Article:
Superior, Arizona

From Wikipedia, the free encyclopedia
Jump to navigation Jump to search

Superior
Superior, Arizona
Apache Leap in Superior
Apache Leap in Superior
Location of Superior in Pinal County, Arizona.
Location of Superior in Pinal County, Arizona.
Superior is located in the US
Superior
Superior
Location in the United States
Coordinates: 33°17′20″N 111°6′14″W / 33.28889°N 111.10389°W / 33.28889; -111.10389Coordinates: 33°17′20″N 111°6′14″W / 33.28889°N 111.10389°W / 33.28889; -111.10389
CountryUnited States
StateArizona
CountyPinal
Incorporated1976
Government
 • MayorMila Besich-Lira.[1]
Area
 • Total1.87 sq mi (4.85 km2)
 • Land1.87 sq mi (4.85 km2)
 • Water0.00 sq mi (0.00 km2)
Elevation
2,888 ft (880 m)
Population
 • Total2,837
 • Estimate 
(2016)[4]
2,999
 • Density1,601.17/sq mi (618.32/km2)
Time zoneUTC-7 (MST (no DST))
ZIP code
85173
Area code(s)520
FIPS code04-71300
WebsiteTown of Superior

Superior (Western Apache: Yooʼ Łigai)[5] is a town in Pinal County, Arizona, United States. According to the 2010 census, the population of the town is 2,837.[3] Superior was founded as a mining town for the Silver Queen and the later Magma mines.

Such films as U Turn by Oliver Stone, Eight Legged Freaks, How the West Was Won, Blind Justice, The Prophecy, Skinwalkers, The Gauntlet with Clint Eastwood, and Young Billy Young are set in Superior. In 2005, a sci-fi film named The Salena Incident, also called Alien Invasion Arizona, was filmed in Superior.

History[edit]

During the 1870s, at the height of the American Indian Wars; a company of Apache horsemen were ambushed by US cavalry. After losing 50 men; the Apache retreated up the mountain later named Apache Leap. Accepting defeat; the remaining 75 Apache leapt to their death rather than being captured by the US army. http://www.nativehistorymagazine.com/2013/02/the-legend-of-apache-tears.html[6]

Superior was originally called Queen, then Hastings, and under the latter name was platted in 1900.[7]

Queen had a population of around 100 circa 1880. There was a general store, 2 hotels, numerous saloons, and a post office. The Queen post office closed Sept. 15, 1881. [8]

The Superior townsite was laid out in 1902, and named after the Lake Superior and Arizona Copper Company (LS&A). The Superior post office opened on December 29, 1902. [8]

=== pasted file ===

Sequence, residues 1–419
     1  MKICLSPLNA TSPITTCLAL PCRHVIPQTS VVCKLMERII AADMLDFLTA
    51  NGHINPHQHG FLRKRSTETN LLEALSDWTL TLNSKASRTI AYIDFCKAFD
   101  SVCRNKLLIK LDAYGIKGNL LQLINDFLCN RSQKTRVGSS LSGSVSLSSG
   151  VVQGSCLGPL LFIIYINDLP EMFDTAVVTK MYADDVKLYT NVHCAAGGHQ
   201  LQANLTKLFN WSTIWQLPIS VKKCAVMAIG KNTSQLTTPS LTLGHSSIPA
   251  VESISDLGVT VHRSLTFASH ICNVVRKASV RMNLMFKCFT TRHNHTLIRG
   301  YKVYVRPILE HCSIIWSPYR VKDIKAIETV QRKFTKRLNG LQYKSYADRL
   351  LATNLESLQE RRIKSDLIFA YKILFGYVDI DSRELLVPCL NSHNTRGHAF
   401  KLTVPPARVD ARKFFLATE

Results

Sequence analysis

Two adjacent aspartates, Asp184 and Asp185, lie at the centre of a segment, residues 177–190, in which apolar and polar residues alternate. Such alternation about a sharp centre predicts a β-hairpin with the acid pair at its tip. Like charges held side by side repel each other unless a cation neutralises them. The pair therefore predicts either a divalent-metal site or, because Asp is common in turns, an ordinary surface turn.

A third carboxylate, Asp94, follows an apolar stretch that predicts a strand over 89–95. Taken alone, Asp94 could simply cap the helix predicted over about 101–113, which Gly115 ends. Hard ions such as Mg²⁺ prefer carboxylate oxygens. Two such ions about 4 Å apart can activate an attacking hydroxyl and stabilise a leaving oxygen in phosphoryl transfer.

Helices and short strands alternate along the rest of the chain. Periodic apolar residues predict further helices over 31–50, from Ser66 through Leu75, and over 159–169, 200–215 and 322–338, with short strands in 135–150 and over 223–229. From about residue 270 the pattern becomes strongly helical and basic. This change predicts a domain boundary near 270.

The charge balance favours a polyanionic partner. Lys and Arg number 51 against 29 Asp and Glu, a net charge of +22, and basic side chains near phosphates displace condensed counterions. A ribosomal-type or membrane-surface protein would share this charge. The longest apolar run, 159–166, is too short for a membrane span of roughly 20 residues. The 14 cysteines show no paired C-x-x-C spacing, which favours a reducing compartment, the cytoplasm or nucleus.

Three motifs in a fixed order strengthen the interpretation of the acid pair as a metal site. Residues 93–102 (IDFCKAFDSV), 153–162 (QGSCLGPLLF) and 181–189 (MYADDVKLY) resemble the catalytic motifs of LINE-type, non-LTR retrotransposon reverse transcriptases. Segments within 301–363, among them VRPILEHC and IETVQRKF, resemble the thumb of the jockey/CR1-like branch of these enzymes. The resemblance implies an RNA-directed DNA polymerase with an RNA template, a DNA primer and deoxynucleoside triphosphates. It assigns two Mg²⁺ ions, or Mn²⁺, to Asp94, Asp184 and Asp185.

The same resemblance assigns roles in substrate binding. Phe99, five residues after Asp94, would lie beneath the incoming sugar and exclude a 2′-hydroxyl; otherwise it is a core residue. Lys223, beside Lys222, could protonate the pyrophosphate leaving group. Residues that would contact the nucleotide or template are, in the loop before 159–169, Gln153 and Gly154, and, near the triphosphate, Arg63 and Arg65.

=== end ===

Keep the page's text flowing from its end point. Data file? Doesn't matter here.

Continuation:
Magma mine[edit]

Magma Arizona Railroad in Superior, 1967

The first claims here were staked in 1875, and the Silver Queen Mining Company was organized in 1880. With depth, rich copper ore was discovered, but early efforts to mine copper failed. Boyce Thompson bought the old Silver Queen mine in 1910, and by 1912, the Magma Copper Company was in production. A narrow gauge railroad connecting to the Phoenix and Eastern Railroad was built in 1915, and later converted to standard gauge. A smelter was built in 1924. A new concentrator replaced the original one in 1946.

After 71 years of production, the Magma mine closed in August 1982 due to high operating costs and declining copper prices. Operations resumed in September 1990, but the mine closed again on June 28, 1996. During its the 86-year life (1911-1996). the Magma mine produced approximately 27.6 million short tons of ore averaging about 4.9% copper, recovering 1,299,718 short tons of copper, 36,550 short tons of zinc, approximately 686,000 ounces of gold and 34.3 million ounces of silver. [9]

The old Magma No. 9 shaft atop Apache Leap is being used to explore the huge Resolution Copper deposit below.

Geography[edit]

Superior is located approximately 70 miles (110 km) east of Phoenix and the same distance north of Tucson. According to the United States Census Bureau, the town has a total area of 1.9 sq mi (5.0 km2), all land.[10]

Demographics[edit]

Historical population
Census Pop.
19202,464
19304,29574.3%
19604,875
19704,9752.1%
19804,600−7.5%
19903,468−24.6%
20003,254−6.2%
20102,837−12.8%
Est. 20162,999[4]5.7%
U.S. Decennial Census[11]

As of the census[12] of 2000, there were 3,254 people, 1,237 households, and 847 families residing in the town. The population density was 1,684.6 people per square mile (651.0/km²). There were 1,470 housing units at an average density of 761.0 per square mile (294.1/km²). The racial makeup of the town was 72.68% White, 0.46% Black or African American, 1.63% Native American, 0.34% Asian, 0.09% Pacific Islander, 23.05% from other races, and 1.75% from two or more races. 69.08% of the population were Hispanic or Latino of any race.